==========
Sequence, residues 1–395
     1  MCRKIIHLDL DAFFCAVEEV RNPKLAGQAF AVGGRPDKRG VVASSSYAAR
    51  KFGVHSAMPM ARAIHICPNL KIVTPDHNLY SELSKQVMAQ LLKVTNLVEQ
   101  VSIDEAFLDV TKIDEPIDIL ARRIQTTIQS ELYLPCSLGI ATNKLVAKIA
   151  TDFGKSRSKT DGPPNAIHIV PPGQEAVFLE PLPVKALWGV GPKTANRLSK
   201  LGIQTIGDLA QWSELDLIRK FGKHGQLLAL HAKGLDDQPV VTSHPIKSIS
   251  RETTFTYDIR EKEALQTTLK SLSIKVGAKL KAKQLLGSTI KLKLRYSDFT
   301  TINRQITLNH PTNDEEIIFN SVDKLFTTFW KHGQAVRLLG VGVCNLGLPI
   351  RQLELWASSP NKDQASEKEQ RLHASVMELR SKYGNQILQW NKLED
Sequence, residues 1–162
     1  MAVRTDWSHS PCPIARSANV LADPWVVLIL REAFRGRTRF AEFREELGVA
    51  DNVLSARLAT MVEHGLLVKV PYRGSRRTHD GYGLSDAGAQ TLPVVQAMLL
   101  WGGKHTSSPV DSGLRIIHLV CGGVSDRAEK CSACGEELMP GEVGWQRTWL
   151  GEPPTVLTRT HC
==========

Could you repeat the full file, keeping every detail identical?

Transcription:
Sequence, residues 1–395
     1  MCRKIIHLDL DAFFCAVEEV RNPKLAGQAF AVGGRPDKRG VVASSSYAAR
    51  KFGVHSAMPM ARAIHICPNL KIVTPDHNLY SELSKQVMAQ LLKVTNLVEQ
   101  VSIDEAFLDV TKIDEPIDIL ARRIQTTIQS ELYLPCSLGI ATNKLVAKIA
   151  TDFGKSRSKT DGPPNAIHIV PPGQEAVFLE PLPVKALWGV GPKTANRLSK
   201  LGIQTIGDLA QWSELDLIRK FGKHGQLLAL HAKGLDDQPV VTSHPIKSIS
   251  RETTFTYDIR EKEALQTTLK SLSIKVGAKL KAKQLLGSTI KLKLRYSDFT
   301  TINRQITLNH PTNDEEIIFN SVDKLFTTFW KHGQAVRLLG VGVCNLGLPI
   351  RQLELWASSP NKDQASEKEQ RLHASVMELR SKYGNQILQW NKLED
Sequence, residues 1–162
     1  MAVRTDWSHS PCPIARSANV LADPWVVLIL REAFRGRTRF AEFREELGVA
    51  DNVLSARLAT MVEHGLLVKV PYRGSRRTHD GYGLSDAGAQ TLPVVQAMLL
   101  WGGKHTSSPV DSGLRIIHLV CGGVSDRAEK CSACGEELMP GEVGWQRTWL
   151  GEPPTVLTRT HC